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Sunday January 31st 2:00 PM PST / 5:00 PM EST
Sunday, March 28th 3:00 PM PDT / 6:00 PM EDT
From the caves of Hathor to the dusty streets to cabarets worldwide, this dance has flourished in its various permutations for thousands of years! We will explore the many roots of this beautiful dance.
- We will learn how, through the passage of time, this dance was shaped by religion, wars, politics, migrations, trade routes and the film industry.
- We will see how dance was carried by the Romany people and “invaded the hearts” of those who saw it.
- We will learn how the Almees, also known as “the wise women” entertained and educated the onlookers.
- We will see how the Egyptian, Turkish, Lebanese and American styles of Oriental dance have flourished.
- Then, we see how new dance art forms were born.
Regardless of your style or level of dance, you will enjoy many “Ah Ha! Moments” as Artemis fills in the gaps and connects the dots in this entertaining and educational presentation packed with beautiful slides and authentic footage to illustrate the history of this enduring and wonderful artform!
Don’t miss out out this incredible learning opportunity!
Parts 1 and 2 are 2 hours each – 4 fascinating hours!
Parts 1 & 2…. $55 Register Here
Part 1 only…. $30 Register Here
About our presenter…
Artemis has been dancing, teaching and researching dance history in the United States and abroad for over 40 years. Artemis is of Greek and Turkish descent. She fuses her love of these cultures with strong academic knowledge and excellent dance technique. She brings her spirited and articulate technique to workshops which include information on the history and cultures that generate the dances she teaches. She believes that we can all use art to build bridges across cultures.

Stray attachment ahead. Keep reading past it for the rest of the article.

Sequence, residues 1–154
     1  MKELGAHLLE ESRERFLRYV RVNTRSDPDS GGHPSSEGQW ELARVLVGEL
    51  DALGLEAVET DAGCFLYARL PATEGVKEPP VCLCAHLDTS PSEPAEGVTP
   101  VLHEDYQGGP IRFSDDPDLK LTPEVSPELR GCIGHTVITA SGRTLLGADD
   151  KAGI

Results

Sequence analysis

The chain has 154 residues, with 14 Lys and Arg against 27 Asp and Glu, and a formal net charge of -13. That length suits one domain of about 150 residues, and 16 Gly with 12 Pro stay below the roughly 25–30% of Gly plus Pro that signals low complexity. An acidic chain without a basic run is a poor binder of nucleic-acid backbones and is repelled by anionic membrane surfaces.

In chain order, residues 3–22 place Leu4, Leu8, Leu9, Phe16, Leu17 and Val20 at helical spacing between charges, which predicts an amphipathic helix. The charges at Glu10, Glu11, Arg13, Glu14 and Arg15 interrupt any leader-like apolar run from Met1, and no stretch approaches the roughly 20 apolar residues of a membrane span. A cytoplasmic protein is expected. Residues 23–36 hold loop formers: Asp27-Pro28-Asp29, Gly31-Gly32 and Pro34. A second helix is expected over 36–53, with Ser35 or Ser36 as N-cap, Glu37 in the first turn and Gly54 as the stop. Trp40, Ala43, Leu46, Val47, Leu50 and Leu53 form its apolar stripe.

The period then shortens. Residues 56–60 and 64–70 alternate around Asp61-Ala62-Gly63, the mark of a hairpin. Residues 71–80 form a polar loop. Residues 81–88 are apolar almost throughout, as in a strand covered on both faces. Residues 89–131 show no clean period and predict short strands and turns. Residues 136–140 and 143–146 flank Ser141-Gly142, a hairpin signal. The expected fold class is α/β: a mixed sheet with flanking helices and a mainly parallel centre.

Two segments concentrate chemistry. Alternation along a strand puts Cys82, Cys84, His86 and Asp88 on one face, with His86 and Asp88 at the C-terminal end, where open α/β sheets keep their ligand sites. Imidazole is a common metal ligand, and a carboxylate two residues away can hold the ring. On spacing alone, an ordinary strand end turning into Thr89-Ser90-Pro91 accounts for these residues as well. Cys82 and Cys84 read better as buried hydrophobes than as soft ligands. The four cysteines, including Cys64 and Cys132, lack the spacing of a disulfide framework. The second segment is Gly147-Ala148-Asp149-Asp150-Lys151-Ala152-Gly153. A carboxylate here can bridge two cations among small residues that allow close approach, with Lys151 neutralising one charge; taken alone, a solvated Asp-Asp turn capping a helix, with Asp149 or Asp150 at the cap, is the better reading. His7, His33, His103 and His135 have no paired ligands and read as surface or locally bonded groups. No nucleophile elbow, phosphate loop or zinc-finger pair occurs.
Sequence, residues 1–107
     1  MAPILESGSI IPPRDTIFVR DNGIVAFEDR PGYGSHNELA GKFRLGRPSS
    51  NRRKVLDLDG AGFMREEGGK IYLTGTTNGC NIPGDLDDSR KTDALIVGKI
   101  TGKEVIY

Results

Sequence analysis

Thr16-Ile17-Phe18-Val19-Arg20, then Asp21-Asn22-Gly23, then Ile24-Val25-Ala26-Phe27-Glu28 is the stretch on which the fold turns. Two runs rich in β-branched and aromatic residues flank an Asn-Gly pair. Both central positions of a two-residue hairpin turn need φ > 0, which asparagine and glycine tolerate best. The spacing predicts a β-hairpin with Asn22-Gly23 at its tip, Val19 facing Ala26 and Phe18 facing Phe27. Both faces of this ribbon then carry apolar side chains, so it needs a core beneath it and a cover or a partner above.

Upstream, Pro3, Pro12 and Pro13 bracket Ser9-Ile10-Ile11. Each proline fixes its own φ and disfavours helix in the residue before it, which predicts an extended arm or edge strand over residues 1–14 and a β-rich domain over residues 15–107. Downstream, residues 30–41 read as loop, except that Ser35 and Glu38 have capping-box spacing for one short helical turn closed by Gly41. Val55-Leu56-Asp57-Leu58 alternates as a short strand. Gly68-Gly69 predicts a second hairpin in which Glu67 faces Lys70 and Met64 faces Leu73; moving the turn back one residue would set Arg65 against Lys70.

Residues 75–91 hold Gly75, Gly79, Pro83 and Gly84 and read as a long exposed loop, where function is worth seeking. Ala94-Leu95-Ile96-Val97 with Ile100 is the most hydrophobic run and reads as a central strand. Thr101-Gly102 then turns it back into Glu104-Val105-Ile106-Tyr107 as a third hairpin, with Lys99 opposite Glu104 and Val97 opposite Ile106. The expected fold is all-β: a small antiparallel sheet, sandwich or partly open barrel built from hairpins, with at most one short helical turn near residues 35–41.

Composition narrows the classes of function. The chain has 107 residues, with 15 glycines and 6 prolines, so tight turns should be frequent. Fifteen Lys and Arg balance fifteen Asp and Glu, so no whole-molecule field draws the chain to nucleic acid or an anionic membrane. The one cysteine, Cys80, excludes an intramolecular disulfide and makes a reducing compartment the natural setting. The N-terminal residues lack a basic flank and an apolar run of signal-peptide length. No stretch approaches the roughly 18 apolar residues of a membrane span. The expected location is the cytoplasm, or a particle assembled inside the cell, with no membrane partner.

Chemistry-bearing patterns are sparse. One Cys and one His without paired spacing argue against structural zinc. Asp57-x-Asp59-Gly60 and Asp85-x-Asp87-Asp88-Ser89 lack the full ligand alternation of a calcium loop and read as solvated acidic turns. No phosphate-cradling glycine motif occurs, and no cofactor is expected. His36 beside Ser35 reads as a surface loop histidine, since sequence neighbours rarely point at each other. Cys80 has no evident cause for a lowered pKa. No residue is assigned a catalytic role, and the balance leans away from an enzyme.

Artemis has contributed to many publications. Extensive travel to 33 countries and intensive research into the idioms of the East, women’s issues, psychology, ancient history, oriental dance, Romany (Gypsy) dance and dance ethnology have yielded many manuscripts and articles.
Artemis has done field research in ancient dance, Middle Eastern dance and Romany (Gypsy) dance in Turkey, Romania, Czech Republic, Spain, France, England, Morocco, Tunisia, Germany, Slovenia, Italy, Egypt and Greece. She has attended Romany Festivals in France, Turkey, Romania and the US. She has collected wonderful video footage of Roma people in which they are dancing, celebrating and experiencing everyday life. Artemis continues to collect antique pictures of women and dancers from North Africa and the Middle East and of the Roma throughout the world. Her collection is one of the largest in the United States and some illustrations have been used by the International Encyclopedia of Dance, the Smithsonian Institution, the largest Romany Museum in the world (in the Czech Republic), the Romany archives at the University of Texas collected by Ian Hancock, all the major Middle Eastern Dance publications and in several books.